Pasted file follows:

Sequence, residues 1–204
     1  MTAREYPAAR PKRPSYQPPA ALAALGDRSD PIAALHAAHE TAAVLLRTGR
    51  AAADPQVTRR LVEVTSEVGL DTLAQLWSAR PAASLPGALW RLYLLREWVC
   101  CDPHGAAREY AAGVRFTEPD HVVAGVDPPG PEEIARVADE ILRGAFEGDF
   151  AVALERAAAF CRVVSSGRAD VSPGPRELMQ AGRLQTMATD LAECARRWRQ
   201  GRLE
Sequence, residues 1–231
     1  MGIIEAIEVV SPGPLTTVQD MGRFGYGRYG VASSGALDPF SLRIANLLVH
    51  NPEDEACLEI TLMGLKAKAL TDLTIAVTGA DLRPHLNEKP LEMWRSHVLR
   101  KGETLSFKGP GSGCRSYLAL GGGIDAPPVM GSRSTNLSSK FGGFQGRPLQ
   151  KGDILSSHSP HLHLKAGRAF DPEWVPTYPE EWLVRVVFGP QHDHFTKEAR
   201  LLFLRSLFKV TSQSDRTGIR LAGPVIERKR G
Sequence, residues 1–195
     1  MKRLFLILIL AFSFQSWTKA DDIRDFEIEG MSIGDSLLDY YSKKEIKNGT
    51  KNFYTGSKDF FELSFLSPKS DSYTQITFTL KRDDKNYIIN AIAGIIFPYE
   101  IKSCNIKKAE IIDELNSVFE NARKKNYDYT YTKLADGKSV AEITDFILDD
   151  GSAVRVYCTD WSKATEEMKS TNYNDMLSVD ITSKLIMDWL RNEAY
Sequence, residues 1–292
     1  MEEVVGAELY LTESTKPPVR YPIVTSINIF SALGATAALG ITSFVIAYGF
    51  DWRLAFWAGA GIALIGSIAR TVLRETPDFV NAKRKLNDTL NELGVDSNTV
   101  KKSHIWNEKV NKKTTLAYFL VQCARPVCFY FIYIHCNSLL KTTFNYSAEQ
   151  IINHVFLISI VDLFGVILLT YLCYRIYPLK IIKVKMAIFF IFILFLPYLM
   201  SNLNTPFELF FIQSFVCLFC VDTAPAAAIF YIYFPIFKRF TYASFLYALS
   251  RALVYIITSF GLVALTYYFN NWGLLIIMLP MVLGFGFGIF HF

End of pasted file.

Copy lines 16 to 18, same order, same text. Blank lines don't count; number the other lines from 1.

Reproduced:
   101  IKSCNIKKAE IIDELNSVFE NARKKNYDYT YTKLADGKSV AEITDFILDD
   151  GSAVRVYCTD WSKATEEMKS TNYNDMLSVD ITSKLIMDWL RNEAY
Sequence, residues 1–292